BAQUBA - A nurse at Baquba General Hospital asked Ahmed Ali, who co-authored
this report, for a bribe to look after his sick baby. It was hardly an exceptional
demand. Patients around Iraq have begun commonly to speak of the need to bribe
medical staff to get some form of care.
"Nurses in Iraqi hospitals are no angels of mercy," Falah Najim,
who was a patient at the main hospital in Baquba, told IPS. "They look
after their pockets, not the patient."
The practice of bribing medical staff has been around since at least the 1990s,
during the difficult days of the sanctions imposed on Iraq after the first
Gulf War. After the U.S. invasion of 2003, this seems to have become worse,
like so much else in Iraq.
"The profession of medicine has changed from a profession of mercy to
just money-making," Abdullah Najeeb, a trader in Baquba city, about 25
mi. northeast of Baghdad, told IPS.
Staff shortage has clearly made the problem worse. More than half of about
36,000 medical workers who were in the country at the time the U.S. invasion,
including doctors, nurses and other staff, have fled the country. "It
is very hard to see a doctor in a hospital or in a clinic," hospital employee
Sabay Ismail told IPS.
Stories of suffering in hospitals have become commonplace.
"I spent a night in the public hospital without air-conditioning,"
the mother of a baby, who did not wish to give her name, told IPS. "My
baby kept sweating all night in the heat. The resident doctor came to see the
child only once. I took my baby away; we did not complete the treatment. Then
I could not find good medical treatment even in the private hospitals. The
baby died because of their negligence."
"There are two public hospitals in Baquba; one for children and the other
is general," an official in the Diyala directorate-general of health told
IPS, requesting anonymity. In both, he said, "we continue to suffer from
a shortage of doctors."
"Twenty pregnant women might have only one doctor to help them deliver
the child within a space of one or two hours," the husband of a pregnant
woman due to deliver told IPS. "Hundreds of people who go to hospital
may find an employee or nurse, but no doctor."
The few doctors who remain are mostly resident doctors or young graduates.
Most specialists and senior doctors have long since fled.
The ones who remain make do with ill-equipped hospitals. "The government
specifies big funds and projects for renovation and equipment for the hospitals,"
an official in the provincial health office told IPS. "But deals are made
between the contractors and the politicians."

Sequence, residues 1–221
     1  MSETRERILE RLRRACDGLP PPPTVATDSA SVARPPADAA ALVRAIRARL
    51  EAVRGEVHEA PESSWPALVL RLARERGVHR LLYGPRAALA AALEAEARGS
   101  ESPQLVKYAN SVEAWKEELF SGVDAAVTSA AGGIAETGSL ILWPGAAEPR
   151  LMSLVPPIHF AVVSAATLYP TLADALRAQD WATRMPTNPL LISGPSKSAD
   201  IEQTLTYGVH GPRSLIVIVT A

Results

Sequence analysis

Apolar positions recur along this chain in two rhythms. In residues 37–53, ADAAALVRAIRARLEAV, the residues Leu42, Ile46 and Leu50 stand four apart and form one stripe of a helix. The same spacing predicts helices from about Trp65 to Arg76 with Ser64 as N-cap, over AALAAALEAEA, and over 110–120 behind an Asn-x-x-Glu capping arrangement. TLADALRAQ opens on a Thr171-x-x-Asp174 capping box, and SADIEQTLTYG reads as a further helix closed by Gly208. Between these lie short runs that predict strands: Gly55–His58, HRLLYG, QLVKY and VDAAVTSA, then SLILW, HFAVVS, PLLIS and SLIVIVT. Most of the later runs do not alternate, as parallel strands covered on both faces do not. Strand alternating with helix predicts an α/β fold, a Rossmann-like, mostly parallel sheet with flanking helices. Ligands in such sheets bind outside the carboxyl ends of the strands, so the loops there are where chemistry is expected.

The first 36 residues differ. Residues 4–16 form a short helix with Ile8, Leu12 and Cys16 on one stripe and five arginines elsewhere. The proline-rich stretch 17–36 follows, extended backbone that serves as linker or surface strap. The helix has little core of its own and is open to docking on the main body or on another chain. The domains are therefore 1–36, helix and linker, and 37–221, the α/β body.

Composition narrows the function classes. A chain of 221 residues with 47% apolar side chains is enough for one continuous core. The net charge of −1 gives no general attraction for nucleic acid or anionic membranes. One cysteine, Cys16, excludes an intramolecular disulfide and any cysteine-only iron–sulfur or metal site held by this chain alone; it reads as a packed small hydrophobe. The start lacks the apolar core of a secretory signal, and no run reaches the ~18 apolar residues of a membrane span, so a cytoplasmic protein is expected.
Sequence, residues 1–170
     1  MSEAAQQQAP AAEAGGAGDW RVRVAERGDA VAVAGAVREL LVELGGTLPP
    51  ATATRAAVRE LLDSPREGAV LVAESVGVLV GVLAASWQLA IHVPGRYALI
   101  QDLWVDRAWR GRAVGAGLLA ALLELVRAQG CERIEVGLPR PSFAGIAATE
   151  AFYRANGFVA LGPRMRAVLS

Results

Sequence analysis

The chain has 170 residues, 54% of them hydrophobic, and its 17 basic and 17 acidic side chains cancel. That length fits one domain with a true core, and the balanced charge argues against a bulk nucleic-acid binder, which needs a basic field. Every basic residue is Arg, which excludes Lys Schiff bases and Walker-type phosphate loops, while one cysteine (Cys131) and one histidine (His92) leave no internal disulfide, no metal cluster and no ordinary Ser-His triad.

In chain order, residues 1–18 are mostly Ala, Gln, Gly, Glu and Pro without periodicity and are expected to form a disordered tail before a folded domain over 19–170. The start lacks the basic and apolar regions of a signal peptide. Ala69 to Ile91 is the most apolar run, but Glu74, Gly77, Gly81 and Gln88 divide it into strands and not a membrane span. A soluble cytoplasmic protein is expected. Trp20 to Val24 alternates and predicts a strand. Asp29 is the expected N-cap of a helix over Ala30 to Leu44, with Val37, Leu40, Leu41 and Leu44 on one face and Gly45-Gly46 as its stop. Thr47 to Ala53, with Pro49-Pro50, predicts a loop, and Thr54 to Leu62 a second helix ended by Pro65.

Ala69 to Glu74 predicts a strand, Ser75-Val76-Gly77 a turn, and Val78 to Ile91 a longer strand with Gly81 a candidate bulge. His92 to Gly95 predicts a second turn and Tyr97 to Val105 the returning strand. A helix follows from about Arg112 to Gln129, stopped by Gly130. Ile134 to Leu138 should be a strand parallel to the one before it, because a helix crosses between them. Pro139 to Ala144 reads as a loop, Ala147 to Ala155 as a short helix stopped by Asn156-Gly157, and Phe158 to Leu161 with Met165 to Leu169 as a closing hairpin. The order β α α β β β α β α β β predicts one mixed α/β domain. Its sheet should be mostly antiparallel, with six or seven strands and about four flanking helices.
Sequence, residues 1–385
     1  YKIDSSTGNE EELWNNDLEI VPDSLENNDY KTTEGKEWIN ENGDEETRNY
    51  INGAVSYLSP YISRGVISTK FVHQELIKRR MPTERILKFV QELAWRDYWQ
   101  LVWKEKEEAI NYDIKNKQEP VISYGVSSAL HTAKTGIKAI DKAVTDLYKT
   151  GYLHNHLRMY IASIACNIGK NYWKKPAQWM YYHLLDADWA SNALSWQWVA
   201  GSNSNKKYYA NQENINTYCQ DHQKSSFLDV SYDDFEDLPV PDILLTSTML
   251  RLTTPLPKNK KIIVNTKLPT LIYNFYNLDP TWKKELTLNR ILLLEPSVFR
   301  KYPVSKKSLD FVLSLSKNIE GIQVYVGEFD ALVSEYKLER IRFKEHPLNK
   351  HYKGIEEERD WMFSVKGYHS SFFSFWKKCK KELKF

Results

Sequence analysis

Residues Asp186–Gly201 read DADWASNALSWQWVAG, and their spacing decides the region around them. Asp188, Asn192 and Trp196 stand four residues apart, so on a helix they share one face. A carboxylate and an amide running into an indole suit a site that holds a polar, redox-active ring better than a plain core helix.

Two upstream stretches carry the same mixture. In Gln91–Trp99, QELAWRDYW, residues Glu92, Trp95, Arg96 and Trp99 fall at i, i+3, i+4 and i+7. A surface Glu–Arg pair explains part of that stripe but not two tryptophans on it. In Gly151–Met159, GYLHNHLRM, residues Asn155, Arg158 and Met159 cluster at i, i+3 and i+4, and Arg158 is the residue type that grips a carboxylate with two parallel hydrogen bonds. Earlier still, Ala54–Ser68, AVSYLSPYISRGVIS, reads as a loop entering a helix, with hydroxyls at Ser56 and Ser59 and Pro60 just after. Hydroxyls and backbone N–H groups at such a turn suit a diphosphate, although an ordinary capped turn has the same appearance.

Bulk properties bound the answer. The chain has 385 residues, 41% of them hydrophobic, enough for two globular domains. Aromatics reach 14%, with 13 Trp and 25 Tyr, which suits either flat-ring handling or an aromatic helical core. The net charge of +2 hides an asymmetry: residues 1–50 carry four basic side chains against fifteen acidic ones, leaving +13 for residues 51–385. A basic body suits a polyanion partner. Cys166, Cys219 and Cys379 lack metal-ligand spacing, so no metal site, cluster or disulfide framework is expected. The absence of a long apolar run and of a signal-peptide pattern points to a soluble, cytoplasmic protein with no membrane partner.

Former deputy minister for health Dr. Amer al-Khuzaie had told IPS in 2005
that his ministry was allocated a billion dollars of the $18.6 billion set
aside by the U.S. government for rebuilding Iraq.
But the Ministry of Health does not have control over the funds, Khuzaie said.
Instead USAID, the U.S. government body responsible for allocating reconstruction
funds, handed out contracts to foreign corporations. The corporations spent
the funds as they saw fit.
Now, the problem is more of corruption. In late 2007, the Ministry of Health
was taken over by Shia politicians aligned with cleric Moqtada al-Sadr. There
is almost nothing of the budget to show in Iraq's hospitals. "They only
paint the walls," says Baquba resident Bahira Aboud.
Private hospitals have their own handicaps. "Two months ago my 6-year-old
daughter went for tonsil surgery," said resident Abul-Amir Mahood. "After
they gave her anesthetic, the electricity shut down. They had no generator.
I waited for my daughter to regain consciousness, then just took her back home."
The Health Ministry has reported a recent outbreak of cholera. This has scared
residents in Baquba because the local hospitals are not equipped to deal with
In Baquba, as in many other cities, most of the established clinics are closed.
Some doctors see patients in their houses, which have been turned into impromptu,
A large number of such "clinics" have come up, where doctors charge
patients $10 to $20 for a consultation. When the average monthly salary
for those lucky enough to have a job is around $180, this is a heavy
And not for the best treatment. "There are doctors who see more than
100 patients a day," said resident Fatima Edan. "Their diagnosis
is badly affected by the speed with which they go through patients. The quicker
the better; they are greedy for more money."
(Inter Press Service)